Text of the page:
2.3. Hypotheses

H0. The null hypothesis H0 is the hypothesis that the addition of raltegravir does not affect the dynamics of 2-LTR formation. In our model, this is equivalent to setting ηII = 0, which would lead to the solution following intensification of c(t) = c(0). This hypothesis has 1 d.f. per patient, which is the constant, average measured value of 2-LTR circles, for a total of 13 d.f.

H1. The experimental hypothesis H1 is that the addition of raltegravir does affect the dynamics of 2-LTR formation, which follow the dynamics of equation (2.2). We assume that the decay rate of 2-LTR-containing cells δ and the ratio of intrinsic to integrase inhibitor-enhanced 2-LTR formation ϕ do not vary significantly from patient to patient, while the reproductive ratio R, the raltegravir efficacy ηII and the scaled exogenous infected cell rate kIIye may vary significantly from patient to patient, giving us a total of 41 d.f. for the experimental hypothesis.

2.4. Relationship to previously published models

To show that this reduced model is consistent with previously published models of virus dynamics, we introduce an adaptation of the standard model of HIV dynamics [40] that accounts for the formation of 2-LTR cells in the presence and absence of the integrase inhibitor raltegravir, assuming the patient is already on an apparently effective antiviral regimen. The model takes the formEmbedded Image 2.4where x is the local concentration of target cells, y is the local concentration of actively infected cells, v is the local concentration of free virus and c is the local concentration of cells containing 2-LTR episomes. As in the standard model, λ is the regeneration rate of target cells, d is the per capita death rate of target cells, β* is the infection rate constant of target cells, corrected for the activity of the pre-intensification antiviral regimen, a is the per capita death rate of actively infected cells, γ is the per capita production rate of free virus by actively infected cells and ω is the per capita decay rate of free virus. A more extensive model of virus dynamics in the presence of raltegravir, including the intermediate events before integration, is presented in [41].

The efficacy of raltegravir at further inhibiting infection events is ηII, and the input uII takes a value of 0 or 1 depending on whether raltegravir is being applied. If a virus entry event is not interrupted by raltegravir, there is a small probability ϕkII that the virus entry event will result in an aborted infection and the formation of a 2-LTR episome. The rate at which virus entry events occur is assumed to be proportional to the successful infection rate β*xv. The addition of raltegravir interferes with the infection process with an efficacy ηII; the cells which are prevented from successful infection are assumed to form 2-LTR episomes at a much higher probability kII. The cells containing 2-LTR decay at a rate δ.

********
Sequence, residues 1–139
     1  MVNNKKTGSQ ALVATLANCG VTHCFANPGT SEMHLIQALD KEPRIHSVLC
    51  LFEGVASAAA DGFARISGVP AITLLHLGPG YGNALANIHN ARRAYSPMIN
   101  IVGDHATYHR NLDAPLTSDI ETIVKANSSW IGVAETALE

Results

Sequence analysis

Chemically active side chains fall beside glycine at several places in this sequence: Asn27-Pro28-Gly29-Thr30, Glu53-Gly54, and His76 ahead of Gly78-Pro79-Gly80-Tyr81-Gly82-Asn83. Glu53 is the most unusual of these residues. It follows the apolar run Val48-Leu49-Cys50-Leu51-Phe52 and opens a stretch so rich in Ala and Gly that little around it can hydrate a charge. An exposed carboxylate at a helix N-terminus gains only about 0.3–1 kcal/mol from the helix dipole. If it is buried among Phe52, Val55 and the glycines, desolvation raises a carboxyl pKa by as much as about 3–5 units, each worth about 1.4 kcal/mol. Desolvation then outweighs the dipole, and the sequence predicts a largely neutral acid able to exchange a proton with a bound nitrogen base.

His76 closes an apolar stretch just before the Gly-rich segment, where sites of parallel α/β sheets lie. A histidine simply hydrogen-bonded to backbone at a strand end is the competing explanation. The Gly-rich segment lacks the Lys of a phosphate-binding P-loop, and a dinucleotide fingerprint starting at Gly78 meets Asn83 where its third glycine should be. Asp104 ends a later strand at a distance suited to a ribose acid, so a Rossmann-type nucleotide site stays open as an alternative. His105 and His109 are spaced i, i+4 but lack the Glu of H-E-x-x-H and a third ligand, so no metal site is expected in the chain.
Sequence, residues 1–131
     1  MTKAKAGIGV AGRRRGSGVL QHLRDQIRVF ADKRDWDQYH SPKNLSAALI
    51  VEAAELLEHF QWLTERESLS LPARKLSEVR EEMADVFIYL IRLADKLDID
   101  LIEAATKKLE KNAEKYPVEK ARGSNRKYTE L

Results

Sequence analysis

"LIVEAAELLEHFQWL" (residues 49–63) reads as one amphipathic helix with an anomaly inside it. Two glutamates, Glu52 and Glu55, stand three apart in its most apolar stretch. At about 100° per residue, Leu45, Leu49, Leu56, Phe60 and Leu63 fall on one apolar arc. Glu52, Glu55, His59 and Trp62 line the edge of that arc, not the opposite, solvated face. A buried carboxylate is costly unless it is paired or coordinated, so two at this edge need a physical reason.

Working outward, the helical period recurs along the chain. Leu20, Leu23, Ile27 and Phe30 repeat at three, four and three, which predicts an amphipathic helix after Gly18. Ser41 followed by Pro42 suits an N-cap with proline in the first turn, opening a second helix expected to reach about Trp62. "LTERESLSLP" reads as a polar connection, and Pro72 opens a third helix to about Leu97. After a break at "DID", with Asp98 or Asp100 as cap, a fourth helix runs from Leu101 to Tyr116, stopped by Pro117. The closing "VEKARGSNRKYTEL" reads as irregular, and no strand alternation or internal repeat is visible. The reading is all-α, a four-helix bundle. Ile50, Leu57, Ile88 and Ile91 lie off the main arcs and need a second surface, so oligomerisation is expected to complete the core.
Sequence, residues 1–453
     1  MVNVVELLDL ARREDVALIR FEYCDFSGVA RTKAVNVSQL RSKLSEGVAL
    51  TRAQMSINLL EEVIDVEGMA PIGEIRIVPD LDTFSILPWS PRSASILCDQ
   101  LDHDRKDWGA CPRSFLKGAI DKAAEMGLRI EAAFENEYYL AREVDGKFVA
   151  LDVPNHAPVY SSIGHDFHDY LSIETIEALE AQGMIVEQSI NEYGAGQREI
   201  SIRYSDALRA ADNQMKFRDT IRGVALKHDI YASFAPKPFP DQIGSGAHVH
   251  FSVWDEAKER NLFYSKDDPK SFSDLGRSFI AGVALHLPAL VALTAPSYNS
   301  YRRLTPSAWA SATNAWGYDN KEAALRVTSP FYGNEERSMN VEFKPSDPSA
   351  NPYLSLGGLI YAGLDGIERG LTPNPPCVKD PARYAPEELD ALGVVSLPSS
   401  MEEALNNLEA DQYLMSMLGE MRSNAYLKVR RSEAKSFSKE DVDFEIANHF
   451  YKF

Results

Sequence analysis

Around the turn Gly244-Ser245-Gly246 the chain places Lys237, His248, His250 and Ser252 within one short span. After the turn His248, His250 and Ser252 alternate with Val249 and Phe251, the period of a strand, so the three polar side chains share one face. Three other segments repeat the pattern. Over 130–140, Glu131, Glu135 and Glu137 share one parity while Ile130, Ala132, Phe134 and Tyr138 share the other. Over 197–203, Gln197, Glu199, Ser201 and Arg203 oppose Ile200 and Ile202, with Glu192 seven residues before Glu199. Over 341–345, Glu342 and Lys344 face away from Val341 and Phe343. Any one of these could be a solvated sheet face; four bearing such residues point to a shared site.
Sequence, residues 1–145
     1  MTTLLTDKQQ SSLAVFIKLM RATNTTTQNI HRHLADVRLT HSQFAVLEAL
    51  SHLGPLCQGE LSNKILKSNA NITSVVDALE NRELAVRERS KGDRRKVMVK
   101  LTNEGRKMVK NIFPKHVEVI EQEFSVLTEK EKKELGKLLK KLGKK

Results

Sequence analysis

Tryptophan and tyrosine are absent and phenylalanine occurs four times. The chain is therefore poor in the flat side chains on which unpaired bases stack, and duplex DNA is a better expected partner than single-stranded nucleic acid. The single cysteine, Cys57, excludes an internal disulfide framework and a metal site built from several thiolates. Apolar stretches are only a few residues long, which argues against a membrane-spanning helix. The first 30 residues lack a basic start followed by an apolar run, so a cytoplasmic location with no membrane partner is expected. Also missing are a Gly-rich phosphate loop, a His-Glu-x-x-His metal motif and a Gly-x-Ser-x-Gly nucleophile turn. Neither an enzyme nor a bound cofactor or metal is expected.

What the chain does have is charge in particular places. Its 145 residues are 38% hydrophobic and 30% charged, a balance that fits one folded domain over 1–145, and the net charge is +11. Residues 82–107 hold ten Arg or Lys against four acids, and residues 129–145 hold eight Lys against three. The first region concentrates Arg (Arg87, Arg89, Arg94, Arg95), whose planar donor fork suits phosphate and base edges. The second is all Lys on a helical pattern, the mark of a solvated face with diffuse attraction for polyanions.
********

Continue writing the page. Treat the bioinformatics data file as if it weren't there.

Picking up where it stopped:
Actively infected cells are created by exogenous processes (including activation of quiescent infected cells) at a rate ye.

If the activity of the existing antivirals in the site is sufficient to contain the virus (i.e. the basic reproductive ratio R0 = β*λγ/daω < 1), then the target cell concentrations will remain very close to the virus-free equilibrium λ/d. Assuming also that Embedded Image the virus dynamics reduce to the linear form:Embedded Image 2.5which is exactly the form of equation (2.1), with R = R0. When the local activity of the antivirals is sufficiently weak that R0 = β*λγ/daω > 1, then the model describes the target cell limited replication of the virus in a sanctuary site. The dynamics have been explored numerically for a spatially discretized reaction–diffusion partial differential equation model in [42]. It was shown that the simple model of equation (2.5) accurately and robustly reproduces the 2-LTR curves of the full spatial model across the feasible set of assumed diffusion equation parameters. A summary of the numerical results for the spatially discretized version of these results can be found in the electronic supplementary material.

2.5. Calculating pre-intensification de novo infection rate

From equation (2.2), the turnover rate of actively infected cells prior to intensification (normalized to units of cells per 106 PBMCs per day) obeys the inequality given byEmbedded Image 2.6

This equation for ay(0) has units of infected cells per 106 PBMCs per day. In order to convert this into an estimate of the total number of de novo infected cells generated per day, we need an estimate of the number of PBMCs per millilitre and an estimate of the effective total patient volume. There are between 1.1 × 106 and 3.7 × 106 PBMCs per millilitre [43]. A standard estimate for effective patient volume is 30 l (corresponding to a total patient volume of 100 l) as in [44]. These estimates give a minimum conversion factor ofEmbedded Image 2.7from measured peak 2-LTR concentration to minimum de novo infection rate prior to intensification.

2.6. Modelling measurement uncertainty

The measurement techniques used in this experiment are novel, and the number of replicates is insufficient to experimentally assign detection thresholds or standard deviations [45]. We therefore estimate the measurement uncertainty from a probabilistic analysis of the measurement techniques and comparison with similar methods.